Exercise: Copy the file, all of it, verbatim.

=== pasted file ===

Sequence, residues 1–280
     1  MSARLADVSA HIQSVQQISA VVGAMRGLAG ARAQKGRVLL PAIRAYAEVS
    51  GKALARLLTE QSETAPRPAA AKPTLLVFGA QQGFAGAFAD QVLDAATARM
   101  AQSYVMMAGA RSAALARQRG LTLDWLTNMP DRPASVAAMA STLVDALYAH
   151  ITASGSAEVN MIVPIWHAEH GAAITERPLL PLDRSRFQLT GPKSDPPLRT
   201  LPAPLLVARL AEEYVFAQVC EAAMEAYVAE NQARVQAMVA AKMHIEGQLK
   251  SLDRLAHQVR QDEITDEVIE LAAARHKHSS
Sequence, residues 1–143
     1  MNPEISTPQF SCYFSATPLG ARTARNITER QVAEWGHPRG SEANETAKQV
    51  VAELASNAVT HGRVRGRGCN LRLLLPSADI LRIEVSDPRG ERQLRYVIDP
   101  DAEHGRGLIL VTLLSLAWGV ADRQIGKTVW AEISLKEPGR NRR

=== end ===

Sequence, residues 1–280
     1  MSARLADVSA HIQSVQQISA VVGAMRGLAG ARAQKGRVLL PAIRAYAEVS
    51  GKALARLLTE QSETAPRPAA AKPTLLVFGA QQGFAGAFAD QVLDAATARM
   101  AQSYVMMAGA RSAALARQRG LTLDWLTNMP DRPASVAAMA STLVDALYAH
   151  ITASGSAEVN MIVPIWHAEH GAAITERPLL PLDRSRFQLT GPKSDPPLRT
   201  LPAPLLVARL AEEYVFAQVC EAAMEAYVAE NQARVQAMVA AKMHIEGQLK
   251  SLDRLAHQVR QDEITDEVIE LAAARHKHSS
Sequence, residues 1–143
     1  MNPEISTPQF SCYFSATPLG ARTARNITER QVAEWGHPRG SEANETAKQV
    51  VAELASNAVT HGRVRGRGCN LRLLLPSADI LRIEVSDPRG ERQLRYVIDP
   101  DAEHGRGLIL VTLLSLAWGV ADRQIGKTVW AEISLKEPGR NRR